Vienna was somewhere I wish we had spent more time because one day there wasn't even close to enough. We blitzed through everything so fast it was tough to get a good feel for the lifestyle there. What I can say about Vienna is the streets and city are so clean you can eat off the sidewalk. Its a very modern and up to date city with a great metro system while still keeping all of its Old World charm at the forefront. One thing that was quite strange was that the majority of stores and cafes we went to didn't take credit or debit cards. You've got to bring a lot of cash to get around there. The food was great, the people were really friendly and I really am looking forward to going back there soon.

Here's a couple of random pics from the trip. Please excuse my gratuitous use of my fish eye lens...I like to see everything

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Interior of the New York Cafe

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Live music at the New York Cafe

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Main food hall

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Inside the food hall

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Inside the food hall. The price of foie gras and meat in general was overwhelmingly cheap. About $12 for a lobe of goose foie!

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Cafe Bouchon's roast goose liver over slow baked apples and fondant potatoes. Yum!

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Salmon and Cod terrine at Kispiac. To die for.

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Crispy roast half duck. Also to die for. Maybe even two times over [wow.gif]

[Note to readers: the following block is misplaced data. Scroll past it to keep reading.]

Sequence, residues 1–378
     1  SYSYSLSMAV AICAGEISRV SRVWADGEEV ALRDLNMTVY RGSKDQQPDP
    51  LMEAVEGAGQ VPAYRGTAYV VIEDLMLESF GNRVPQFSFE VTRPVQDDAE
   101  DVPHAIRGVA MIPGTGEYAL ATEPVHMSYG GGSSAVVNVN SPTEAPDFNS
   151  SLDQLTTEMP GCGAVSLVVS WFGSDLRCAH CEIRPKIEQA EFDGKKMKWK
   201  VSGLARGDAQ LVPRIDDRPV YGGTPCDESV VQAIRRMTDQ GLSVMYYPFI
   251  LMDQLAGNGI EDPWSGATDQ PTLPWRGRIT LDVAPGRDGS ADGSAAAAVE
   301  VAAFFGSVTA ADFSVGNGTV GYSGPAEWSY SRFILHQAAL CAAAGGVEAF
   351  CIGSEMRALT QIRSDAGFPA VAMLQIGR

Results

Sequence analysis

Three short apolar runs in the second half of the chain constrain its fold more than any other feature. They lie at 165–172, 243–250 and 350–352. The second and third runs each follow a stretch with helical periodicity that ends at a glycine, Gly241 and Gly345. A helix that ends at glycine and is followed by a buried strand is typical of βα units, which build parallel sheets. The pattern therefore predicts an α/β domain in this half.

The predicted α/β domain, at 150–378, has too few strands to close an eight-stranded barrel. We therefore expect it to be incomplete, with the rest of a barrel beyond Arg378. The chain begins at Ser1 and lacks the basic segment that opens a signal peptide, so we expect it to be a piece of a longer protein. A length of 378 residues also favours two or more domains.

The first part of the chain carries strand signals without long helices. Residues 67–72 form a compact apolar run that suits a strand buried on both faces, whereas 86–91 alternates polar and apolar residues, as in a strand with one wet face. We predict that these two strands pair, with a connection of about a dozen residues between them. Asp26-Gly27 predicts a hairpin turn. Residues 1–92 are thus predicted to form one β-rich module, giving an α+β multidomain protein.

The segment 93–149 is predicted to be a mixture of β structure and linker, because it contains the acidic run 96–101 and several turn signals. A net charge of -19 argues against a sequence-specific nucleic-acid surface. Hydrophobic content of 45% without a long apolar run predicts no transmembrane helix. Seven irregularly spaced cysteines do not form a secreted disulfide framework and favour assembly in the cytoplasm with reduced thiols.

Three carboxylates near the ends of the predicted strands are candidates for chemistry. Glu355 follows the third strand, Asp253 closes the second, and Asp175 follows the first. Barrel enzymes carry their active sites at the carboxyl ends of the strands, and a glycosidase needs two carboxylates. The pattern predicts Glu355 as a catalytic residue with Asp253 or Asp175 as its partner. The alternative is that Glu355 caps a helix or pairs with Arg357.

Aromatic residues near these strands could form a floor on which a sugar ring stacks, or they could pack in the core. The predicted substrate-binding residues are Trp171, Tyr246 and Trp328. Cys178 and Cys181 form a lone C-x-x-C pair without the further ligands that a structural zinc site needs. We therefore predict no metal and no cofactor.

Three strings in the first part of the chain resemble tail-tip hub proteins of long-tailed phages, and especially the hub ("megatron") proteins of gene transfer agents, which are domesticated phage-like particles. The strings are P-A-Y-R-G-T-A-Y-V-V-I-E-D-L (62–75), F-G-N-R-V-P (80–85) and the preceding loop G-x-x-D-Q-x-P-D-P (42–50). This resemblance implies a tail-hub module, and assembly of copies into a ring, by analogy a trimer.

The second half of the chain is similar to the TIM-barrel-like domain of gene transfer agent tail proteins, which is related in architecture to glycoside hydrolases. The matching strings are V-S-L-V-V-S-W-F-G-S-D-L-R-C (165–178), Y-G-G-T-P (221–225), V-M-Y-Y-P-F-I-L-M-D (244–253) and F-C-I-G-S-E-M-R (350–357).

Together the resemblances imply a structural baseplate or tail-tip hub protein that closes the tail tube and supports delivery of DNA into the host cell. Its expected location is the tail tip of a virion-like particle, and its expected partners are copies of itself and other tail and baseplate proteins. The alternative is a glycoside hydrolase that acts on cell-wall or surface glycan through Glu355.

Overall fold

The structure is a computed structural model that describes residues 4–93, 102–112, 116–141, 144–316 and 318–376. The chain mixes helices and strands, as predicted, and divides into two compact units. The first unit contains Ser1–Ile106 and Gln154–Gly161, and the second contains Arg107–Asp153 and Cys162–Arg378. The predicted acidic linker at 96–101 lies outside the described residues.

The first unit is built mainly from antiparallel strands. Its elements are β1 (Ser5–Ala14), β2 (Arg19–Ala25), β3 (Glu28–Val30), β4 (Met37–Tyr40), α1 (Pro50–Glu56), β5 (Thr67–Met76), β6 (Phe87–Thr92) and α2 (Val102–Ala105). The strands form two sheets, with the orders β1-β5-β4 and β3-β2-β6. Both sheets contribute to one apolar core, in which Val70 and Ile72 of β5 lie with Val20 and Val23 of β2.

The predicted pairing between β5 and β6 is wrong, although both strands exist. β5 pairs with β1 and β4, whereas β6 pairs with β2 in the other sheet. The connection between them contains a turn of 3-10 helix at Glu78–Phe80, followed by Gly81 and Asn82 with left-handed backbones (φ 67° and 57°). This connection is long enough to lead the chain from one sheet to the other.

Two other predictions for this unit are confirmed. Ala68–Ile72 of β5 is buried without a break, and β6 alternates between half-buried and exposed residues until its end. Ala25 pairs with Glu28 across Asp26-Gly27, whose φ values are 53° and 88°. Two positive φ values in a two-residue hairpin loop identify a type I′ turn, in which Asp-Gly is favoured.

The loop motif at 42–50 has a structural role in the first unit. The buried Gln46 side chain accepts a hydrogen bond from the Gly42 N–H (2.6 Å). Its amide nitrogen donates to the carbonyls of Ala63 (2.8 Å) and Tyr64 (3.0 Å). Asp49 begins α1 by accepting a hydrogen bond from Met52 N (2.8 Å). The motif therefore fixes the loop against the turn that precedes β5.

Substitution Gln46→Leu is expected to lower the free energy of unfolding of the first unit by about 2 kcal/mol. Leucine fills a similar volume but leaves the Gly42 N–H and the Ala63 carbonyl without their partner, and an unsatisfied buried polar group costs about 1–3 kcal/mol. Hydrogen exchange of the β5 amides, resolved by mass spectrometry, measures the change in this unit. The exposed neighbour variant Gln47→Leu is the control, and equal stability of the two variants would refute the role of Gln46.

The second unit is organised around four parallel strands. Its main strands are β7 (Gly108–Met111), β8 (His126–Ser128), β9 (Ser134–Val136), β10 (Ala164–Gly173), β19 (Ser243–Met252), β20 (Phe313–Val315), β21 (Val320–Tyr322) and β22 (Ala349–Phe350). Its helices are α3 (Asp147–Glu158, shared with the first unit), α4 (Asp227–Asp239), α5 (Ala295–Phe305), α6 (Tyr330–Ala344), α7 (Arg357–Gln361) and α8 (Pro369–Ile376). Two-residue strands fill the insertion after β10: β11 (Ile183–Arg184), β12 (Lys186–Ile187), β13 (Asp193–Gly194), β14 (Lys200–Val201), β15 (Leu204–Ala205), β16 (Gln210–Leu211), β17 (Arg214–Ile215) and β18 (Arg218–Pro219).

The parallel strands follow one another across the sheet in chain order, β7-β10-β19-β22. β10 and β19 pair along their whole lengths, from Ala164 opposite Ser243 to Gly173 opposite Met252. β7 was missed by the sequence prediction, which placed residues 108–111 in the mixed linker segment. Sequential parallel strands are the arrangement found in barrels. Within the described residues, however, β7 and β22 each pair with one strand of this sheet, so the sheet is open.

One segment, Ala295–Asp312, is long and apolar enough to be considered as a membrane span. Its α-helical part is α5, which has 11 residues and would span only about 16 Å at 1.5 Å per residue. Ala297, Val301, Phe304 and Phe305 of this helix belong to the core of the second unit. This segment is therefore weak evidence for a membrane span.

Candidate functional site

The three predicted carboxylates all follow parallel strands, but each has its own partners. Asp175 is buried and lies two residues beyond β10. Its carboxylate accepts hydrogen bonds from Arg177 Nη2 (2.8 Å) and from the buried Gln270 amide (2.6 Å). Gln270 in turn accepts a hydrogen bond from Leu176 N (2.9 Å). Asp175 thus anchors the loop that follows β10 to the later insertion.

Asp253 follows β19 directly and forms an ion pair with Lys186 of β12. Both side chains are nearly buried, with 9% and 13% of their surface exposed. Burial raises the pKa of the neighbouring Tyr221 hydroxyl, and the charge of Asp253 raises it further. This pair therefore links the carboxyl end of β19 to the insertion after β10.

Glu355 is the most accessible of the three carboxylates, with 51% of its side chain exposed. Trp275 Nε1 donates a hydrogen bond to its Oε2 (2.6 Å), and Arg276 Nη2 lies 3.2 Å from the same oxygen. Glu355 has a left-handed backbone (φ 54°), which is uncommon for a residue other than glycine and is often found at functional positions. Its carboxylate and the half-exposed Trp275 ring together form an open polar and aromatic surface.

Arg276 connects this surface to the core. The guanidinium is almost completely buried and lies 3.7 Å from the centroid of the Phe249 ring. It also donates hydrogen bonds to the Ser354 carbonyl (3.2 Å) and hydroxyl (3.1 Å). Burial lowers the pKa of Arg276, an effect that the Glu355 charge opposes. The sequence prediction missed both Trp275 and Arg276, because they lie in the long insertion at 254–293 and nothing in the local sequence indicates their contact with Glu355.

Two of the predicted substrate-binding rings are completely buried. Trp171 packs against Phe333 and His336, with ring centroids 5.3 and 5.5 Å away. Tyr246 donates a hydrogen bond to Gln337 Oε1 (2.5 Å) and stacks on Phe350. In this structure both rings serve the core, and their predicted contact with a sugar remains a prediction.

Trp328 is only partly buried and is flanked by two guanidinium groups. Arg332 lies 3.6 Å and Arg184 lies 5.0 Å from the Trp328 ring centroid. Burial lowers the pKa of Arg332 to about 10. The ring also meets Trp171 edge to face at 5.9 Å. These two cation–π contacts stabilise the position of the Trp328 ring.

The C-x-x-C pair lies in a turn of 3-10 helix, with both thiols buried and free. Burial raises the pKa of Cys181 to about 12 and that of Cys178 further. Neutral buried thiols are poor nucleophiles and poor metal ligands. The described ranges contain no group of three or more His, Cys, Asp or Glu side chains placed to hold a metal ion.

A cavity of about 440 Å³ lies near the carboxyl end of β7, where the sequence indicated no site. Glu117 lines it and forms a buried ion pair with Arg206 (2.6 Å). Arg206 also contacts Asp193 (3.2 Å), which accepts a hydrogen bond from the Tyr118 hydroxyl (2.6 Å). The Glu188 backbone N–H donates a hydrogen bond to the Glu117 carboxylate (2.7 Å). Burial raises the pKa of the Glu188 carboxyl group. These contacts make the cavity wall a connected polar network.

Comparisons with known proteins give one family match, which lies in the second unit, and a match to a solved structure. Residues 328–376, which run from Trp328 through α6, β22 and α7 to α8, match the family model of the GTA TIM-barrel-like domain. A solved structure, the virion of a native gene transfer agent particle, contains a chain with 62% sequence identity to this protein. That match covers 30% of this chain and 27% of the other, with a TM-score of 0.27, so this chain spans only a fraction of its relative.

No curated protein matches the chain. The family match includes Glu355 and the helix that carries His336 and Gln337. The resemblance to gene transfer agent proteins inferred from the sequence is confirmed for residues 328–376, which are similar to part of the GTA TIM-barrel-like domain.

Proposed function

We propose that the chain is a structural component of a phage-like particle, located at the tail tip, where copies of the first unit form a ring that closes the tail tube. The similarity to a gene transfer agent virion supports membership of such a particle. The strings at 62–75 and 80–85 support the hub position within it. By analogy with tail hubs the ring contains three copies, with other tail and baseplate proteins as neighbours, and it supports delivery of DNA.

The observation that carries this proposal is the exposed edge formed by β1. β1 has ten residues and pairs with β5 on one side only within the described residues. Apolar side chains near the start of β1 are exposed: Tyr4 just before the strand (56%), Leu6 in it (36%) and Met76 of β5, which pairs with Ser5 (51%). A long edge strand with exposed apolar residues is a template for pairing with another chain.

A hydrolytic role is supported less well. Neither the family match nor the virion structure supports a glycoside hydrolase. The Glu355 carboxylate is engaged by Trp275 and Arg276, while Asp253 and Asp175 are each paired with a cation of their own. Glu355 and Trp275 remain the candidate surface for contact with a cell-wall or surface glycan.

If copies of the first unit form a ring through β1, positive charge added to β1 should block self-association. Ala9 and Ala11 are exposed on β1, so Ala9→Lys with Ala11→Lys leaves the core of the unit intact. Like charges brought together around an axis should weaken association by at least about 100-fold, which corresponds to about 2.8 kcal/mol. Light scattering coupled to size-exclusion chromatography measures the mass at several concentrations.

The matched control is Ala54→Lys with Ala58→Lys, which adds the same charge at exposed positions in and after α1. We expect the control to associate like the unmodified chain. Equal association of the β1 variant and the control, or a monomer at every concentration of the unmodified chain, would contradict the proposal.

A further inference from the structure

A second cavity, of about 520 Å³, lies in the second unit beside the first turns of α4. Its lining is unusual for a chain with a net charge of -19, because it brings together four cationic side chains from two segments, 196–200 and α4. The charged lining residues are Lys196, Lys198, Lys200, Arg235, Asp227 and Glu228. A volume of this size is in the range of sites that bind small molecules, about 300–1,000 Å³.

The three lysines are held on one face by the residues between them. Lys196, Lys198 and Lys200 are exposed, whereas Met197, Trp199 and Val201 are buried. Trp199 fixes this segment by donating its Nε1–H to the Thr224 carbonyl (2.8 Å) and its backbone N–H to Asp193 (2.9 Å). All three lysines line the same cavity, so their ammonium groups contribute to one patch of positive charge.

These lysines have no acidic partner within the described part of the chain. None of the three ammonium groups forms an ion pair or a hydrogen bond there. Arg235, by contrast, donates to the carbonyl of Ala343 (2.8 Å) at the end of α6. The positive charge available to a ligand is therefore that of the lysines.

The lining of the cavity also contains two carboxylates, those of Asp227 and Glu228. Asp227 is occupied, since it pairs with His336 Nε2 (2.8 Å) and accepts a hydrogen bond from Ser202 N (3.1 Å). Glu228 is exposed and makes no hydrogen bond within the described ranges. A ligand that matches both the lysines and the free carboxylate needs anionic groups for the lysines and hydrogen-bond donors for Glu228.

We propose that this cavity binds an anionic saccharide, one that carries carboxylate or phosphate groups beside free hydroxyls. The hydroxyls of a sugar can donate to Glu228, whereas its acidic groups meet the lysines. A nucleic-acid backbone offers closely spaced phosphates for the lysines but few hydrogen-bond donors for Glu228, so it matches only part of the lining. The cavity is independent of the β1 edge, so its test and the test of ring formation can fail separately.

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Roast beef. Again, to die for. We didn't have a bad or even mediocre dish here. Excellent all around

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Pizza from Pizzica. Really great Roman style pizza. Cash only

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Demel Cafe in Vienna. Go there if you're in to pastry.

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View of Pest from the Citadel. Really cool up there but quite a hike both up and back down.

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Parliament building in Budapest

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Szimpla Kert on Sunday morning

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Szimpla Kert

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Interior of the Dohany Street synagogue

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Interior of Szent Istvan's Basilica

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One of the views from the top of the dome at the Basilica

The Airbnb we stayed at was so cheap, really nice, and well situated to everything in the city.
This was by far the best QPR vacation I've been on. 8 days cost $1400 including flights, accommodations, food, souvenirs, wine. The whole nine yards. Hard to beat!

Also for anyone interested I stopped by this place called Elfenbein and picked up real deal goose down comforters and pillows. They use two grades of down. Japanese grade (which is pure goose down), and the highest North American Grade (which is 98% down and 2% feathers. Its the lowest grade they use). The comforter and pillows I bought cost 1/6th of the price it does here and they custom make it to the fill density you want and the measurements you request. Plus they gave me a 10% discount and ship for free to the states in two days. If you email Tamás over there he will take care of you. Probably the best thing I bought on the trip minus the Tokaj.